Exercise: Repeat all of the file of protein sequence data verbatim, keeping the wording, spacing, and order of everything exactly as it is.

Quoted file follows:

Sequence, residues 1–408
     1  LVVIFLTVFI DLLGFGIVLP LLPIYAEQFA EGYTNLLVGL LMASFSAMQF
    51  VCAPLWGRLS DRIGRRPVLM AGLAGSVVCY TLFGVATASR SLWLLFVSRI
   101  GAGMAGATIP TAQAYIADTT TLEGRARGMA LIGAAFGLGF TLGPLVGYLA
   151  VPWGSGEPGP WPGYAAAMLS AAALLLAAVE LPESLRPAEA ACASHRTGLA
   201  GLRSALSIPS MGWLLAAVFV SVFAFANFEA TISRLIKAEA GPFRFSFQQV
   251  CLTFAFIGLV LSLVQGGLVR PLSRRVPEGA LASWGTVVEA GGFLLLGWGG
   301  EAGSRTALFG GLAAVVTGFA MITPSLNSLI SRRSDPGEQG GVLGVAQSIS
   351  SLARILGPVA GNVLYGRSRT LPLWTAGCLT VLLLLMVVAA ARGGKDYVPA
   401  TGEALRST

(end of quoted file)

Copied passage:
Sequence, residues 1–408
     1  LVVIFLTVFI DLLGFGIVLP LLPIYAEQFA EGYTNLLVGL LMASFSAMQF
    51  VCAPLWGRLS DRIGRRPVLM AGLAGSVVCY TLFGVATASR SLWLLFVSRI
   101  GAGMAGATIP TAQAYIADTT TLEGRARGMA LIGAAFGLGF TLGPLVGYLA
   151  VPWGSGEPGP WPGYAAAMLS AAALLLAAVE LPESLRPAEA ACASHRTGLA
   201  GLRSALSIPS MGWLLAAVFV SVFAFANFEA TISRLIKAEA GPFRFSFQQV
   251  CLTFAFIGLV LSLVQGGLVR PLSRRVPEGA LASWGTVVEA GGFLLLGWGG
   301  EAGSRTALFG GLAAVVTGFA MITPSLNSLI SRRSDPGEQG GVLGVAQSIS
   351  SLARILGPVA GNVLYGRSRT LPLWTAGCLT VLLLLMVVAA ARGGKDYVPA
   401  TGEALRST